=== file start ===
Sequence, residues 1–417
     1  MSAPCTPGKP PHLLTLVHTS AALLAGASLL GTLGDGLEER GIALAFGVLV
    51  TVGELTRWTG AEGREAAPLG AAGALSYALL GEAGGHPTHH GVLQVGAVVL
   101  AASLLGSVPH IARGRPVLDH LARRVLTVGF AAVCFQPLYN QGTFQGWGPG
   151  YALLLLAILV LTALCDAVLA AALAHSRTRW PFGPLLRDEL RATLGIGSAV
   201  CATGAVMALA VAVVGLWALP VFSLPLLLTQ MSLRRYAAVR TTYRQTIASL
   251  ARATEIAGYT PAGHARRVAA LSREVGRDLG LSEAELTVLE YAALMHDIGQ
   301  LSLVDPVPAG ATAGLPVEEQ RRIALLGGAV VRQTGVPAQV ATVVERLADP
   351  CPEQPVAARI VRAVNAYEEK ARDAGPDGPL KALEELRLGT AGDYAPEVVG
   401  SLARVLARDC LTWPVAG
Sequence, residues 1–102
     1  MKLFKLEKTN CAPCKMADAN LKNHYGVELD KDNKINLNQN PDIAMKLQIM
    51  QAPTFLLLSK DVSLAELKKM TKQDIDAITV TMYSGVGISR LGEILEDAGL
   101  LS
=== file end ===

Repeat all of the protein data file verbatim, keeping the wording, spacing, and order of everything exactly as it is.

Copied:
Sequence, residues 1–417
     1  MSAPCTPGKP PHLLTLVHTS AALLAGASLL GTLGDGLEER GIALAFGVLV
    51  TVGELTRWTG AEGREAAPLG AAGALSYALL GEAGGHPTHH GVLQVGAVVL
   101  AASLLGSVPH IARGRPVLDH LARRVLTVGF AAVCFQPLYN QGTFQGWGPG
   151  YALLLLAILV LTALCDAVLA AALAHSRTRW PFGPLLRDEL RATLGIGSAV
   201  CATGAVMALA VAVVGLWALP VFSLPLLLTQ MSLRRYAAVR TTYRQTIASL
   251  ARATEIAGYT PAGHARRVAA LSREVGRDLG LSEAELTVLE YAALMHDIGQ
   301  LSLVDPVPAG ATAGLPVEEQ RRIALLGGAV VRQTGVPAQV ATVVERLADP
   351  CPEQPVAARI VRAVNAYEEK ARDAGPDGPL KALEELRLGT AGDYAPEVVG
   401  SLARVLARDC LTWPVAG
Sequence, residues 1–102
     1  MKLFKLEKTN CAPCKMADAN LKNHYGVELD KDNKINLNQN PDIAMKLQIM
    51  QAPTFLLLSK DVSLAELKKM TKQDIDAITV TMYSGVGISR LGEILEDAGL
   101  LS